Andrea Dickens United Theological Seminary Dayton, Ohio

Pamela D. H. Cochran University of Virginia Charlottesville, Virginia Richard A. Cohen University of North Carolina Charlotte, North Carolina Richard S. Cohen University of California, San Diego San Diego, California Raymond F. Collins The Catholic University of America Washington, D.C. J. Thomas Cook Rollins College Winter Park, Florida James P. Cousins University of Kentucky Lexington, Kentucky

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Wendy Doniger University of Chicago Chicago, Illinois Jean Downey Independent Scholar Winter Park, Florida Brian Michael Doyle Marymount University Arlington, Virginia Joel Duman Independent Scholar Jerusalem, Israel Aron Dunlap Temple University Philadelphia, Pennsylvania William Edelglass Colby College Waterville, Maine

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List of Contributors | xv Esty Eisenmann Hebrew University Jerusalem, Israel

James Giles The University of Guam Mangilao, Guam

Yanis Eshots University of Latvia Riga, Latvia

Pinchas Giller University of Judaism Los Angeles, California

Alexander Etkind Cambridge University Cambridge, England

Elliot Ginsburg University of Michigan Ann Arbor, Michigan

Fabrizio M. Ferrari University of London London, England

Ilana Gleicher Tel Aviv University Tel Aviv, Israel

Stephen C. Finley Rice University Houston, Texas

Ariel Glucklich Georgetown University Washington, D.C.

Paul Joseph Fitzgerald Santa Clara University Santa Clara, California

Daniel Gold Cornell University Ithaca, New York

Nancy Frazier Independent Scholar Leverett, Massachuetts

Jonathan C. Gold University of Vermont Burlington, Vermont

Dana Freibach-Heifetz Tel Aviv University Tel Aviv, Israel

James Allen Grady Vanderbilt University Nashville, Tennessee

Barry Freundel Baltimore Hebrew University Baltimore, Maryland

David B. Gray Santa Clara University Santa Clara, California

Tee S. Gatewood III Independent Scholar Baton Rouge, Louisiana

Arthur Green Hebrew College Newton Centre, Massachusetts

Rela Mintz Geffen Baltimore Hebrew University Baltimore, Maryland

Yudit Kornberg Greenberg Rollins College Winter Park, Florida

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xvi | List of Contributors

Joshua Grove State University of New York Albany, New York

Dave D. Hochstein Wright State University—Lake Campus Celina, Ohio

David J. Halperin University of North Carolina Chapel Hill, North Carolina

Barbara A. Holdrege University of California, Santa Barbara Santa Barbara, California

Daniel Joseph Harrington Weston Jesuit School of Theology Cambridge, Massachusetts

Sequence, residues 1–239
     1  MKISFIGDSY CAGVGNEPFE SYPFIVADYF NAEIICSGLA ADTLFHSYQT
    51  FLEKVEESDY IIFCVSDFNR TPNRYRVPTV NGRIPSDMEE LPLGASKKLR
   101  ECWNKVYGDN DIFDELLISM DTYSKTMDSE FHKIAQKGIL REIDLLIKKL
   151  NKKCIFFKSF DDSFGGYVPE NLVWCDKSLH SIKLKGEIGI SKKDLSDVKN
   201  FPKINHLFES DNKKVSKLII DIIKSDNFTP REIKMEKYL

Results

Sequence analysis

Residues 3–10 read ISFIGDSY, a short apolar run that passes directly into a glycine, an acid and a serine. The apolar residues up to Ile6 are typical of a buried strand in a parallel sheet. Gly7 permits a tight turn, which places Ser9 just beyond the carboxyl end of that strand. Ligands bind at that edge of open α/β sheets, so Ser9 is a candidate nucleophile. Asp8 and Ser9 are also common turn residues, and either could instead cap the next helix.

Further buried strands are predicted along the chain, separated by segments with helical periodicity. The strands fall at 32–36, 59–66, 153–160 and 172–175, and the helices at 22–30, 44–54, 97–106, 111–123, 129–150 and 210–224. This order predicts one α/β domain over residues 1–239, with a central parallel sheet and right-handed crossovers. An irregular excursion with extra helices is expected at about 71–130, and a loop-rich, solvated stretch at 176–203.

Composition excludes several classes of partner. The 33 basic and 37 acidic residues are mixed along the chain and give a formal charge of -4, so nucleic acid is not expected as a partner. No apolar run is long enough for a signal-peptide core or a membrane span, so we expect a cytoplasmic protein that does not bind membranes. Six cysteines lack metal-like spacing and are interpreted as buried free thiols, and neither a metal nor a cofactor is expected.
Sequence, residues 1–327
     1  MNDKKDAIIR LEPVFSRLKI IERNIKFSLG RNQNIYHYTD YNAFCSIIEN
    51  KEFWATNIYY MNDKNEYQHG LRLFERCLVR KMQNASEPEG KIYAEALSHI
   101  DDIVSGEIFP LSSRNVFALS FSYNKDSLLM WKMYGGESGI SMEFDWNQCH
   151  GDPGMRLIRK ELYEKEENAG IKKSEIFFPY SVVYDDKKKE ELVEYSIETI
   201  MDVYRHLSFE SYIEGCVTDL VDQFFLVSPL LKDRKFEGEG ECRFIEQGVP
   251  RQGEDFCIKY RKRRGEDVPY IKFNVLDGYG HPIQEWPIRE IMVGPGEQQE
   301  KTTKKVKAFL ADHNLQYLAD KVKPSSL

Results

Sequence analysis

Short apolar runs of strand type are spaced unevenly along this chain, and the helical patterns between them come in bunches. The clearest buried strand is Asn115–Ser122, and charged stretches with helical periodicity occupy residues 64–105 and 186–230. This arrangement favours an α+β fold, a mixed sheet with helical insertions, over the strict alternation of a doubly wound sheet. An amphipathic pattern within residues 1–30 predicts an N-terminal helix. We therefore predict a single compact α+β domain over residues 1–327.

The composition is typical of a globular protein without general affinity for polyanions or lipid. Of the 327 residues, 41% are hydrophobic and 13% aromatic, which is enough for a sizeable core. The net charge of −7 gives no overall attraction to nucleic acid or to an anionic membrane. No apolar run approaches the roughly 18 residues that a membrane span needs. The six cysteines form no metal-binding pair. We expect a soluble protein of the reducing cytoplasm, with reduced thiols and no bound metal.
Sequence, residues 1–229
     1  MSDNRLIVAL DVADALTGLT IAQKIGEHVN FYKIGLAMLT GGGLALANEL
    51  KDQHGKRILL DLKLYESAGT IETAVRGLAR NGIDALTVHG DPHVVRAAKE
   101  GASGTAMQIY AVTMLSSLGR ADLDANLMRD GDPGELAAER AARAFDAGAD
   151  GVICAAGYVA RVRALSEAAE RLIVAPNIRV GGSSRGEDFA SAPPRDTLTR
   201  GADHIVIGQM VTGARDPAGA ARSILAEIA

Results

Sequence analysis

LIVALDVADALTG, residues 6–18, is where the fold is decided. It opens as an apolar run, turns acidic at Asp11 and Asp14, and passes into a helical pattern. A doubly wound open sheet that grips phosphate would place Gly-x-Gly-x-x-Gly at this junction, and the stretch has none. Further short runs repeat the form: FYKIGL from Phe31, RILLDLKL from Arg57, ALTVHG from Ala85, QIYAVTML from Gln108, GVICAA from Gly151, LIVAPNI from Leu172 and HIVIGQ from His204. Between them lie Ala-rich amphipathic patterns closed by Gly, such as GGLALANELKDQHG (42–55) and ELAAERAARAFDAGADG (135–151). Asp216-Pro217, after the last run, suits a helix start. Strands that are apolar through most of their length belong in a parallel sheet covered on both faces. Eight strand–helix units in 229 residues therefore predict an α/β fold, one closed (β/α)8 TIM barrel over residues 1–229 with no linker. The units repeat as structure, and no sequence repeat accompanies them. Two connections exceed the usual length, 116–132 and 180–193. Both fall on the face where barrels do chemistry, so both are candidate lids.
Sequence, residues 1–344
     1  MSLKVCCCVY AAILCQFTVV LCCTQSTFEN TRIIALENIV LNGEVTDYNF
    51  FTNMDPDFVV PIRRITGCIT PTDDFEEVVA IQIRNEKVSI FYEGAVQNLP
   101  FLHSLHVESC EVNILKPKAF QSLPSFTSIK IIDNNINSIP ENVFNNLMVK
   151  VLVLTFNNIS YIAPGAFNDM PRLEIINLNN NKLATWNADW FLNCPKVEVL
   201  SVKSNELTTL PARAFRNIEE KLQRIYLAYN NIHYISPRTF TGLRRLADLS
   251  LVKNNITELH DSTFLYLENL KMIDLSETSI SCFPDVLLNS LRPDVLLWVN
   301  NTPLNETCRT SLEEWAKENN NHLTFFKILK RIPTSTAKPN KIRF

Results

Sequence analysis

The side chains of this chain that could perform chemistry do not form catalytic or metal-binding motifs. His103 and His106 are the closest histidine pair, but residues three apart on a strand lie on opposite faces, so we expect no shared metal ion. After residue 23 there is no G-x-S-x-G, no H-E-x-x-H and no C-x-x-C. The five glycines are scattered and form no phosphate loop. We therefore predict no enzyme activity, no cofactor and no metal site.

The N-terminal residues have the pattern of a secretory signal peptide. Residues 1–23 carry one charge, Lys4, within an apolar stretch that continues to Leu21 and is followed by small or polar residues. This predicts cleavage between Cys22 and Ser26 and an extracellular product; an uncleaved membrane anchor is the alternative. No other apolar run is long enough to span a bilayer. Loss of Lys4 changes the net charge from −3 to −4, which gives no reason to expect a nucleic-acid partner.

Margaret Holub Independent Scholar Mendocino, California

Warren Zev Harvey Hebrew University Jerusalem, Israel

Thomas Emil Homerin University of Rochester Rochester, New York

John Stratton Hawley Columbia University New York, New York

Steven P. Hopkins Swarthmore College Swarthmore, Pennsylvania

Patrick J. Hayes Fordham University, Marymount College Tarrytown, New York

Moshe Idel Hebrew University Jerusalem, Israel

Joel Hecker Reconstructionist Rabbinical College Wyncote, Pennsylvania

Eva Illouz Hebrew University Jerusalem, Israel

Maria Heim Amherst College Amherst, Massachusetts

Charles David Isbell Louisiana State University Baton Rouge, Louisiana

Shai Held Harvard University Cambridge, Massachusetts

Roger Jackson Carleton College Northfield, Minnesota

Melila Hellner-Eshed Hebrew University Jerusalem, Israel

Stephen Jenkins Humboldt State University Arcata, California

Phyllis K. Herman California State University Northridge, California

Nathan Jennings Episcopal Theological Seminary of the Southwest Austin, Texas

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List of Contributors | xvii Nevad Kahteran University of Sarajevo Bosnia and Herzegovina

Beverly Lanzetta University of Arizona Tucson, Arizona

Harold Kasimow Grinnell College Grinnell, Iowa

Don Lattin Independent Scholar San Francisco, California

Claire Katz Texas A&M University College Station, Texas

Oliver Leaman University of Kentucky Lexington, Kentucky

Stephen A. Kent University of Alberta Edmonton, Alberta, Canada

Yuen Ting Lee Hong Kong Shue Yan College Hong Kong, China

Janet M. Klippenstein University of Alberta Edmonton, Alberta, Canada

Laura Levitt Temple University Philadelphia, Pennsylvania

Keith N. Knapp The Citadel Charleston, South Carolina

Ze’ev Levy Haifa University Haifa, Israel

Richard David Knapp Independent Scholar Orlando, Florida

Leonard Lewisohn University of Exeter Exeter, England

Mirka Knaster Independent Scholar Oakland, California

Steve Mandelker Independent Scholar Jerusalem, Israel

Gail Labovitz University of Judaism Los Angeles, California

Wisam Mansour Fatih University Istanbul, Turkey

Francis Landy University of Alberta Edmonton, Alberta, Canada

Frederique Apffel Marglin Smith College Northampton, Massachusetts

Berel Lang Wesleyan University Middletown, Connecticut

Nancy M. Martin Chapman University Orange, California

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xviii | List of Contributors

Andrew McCarthy Saint Leo University Virginia Beach, Virginia

Jacob Neusner Bard College Annandale-on-Hudson, New York

Michael McCarthy Santa Clara University Santa Clara, California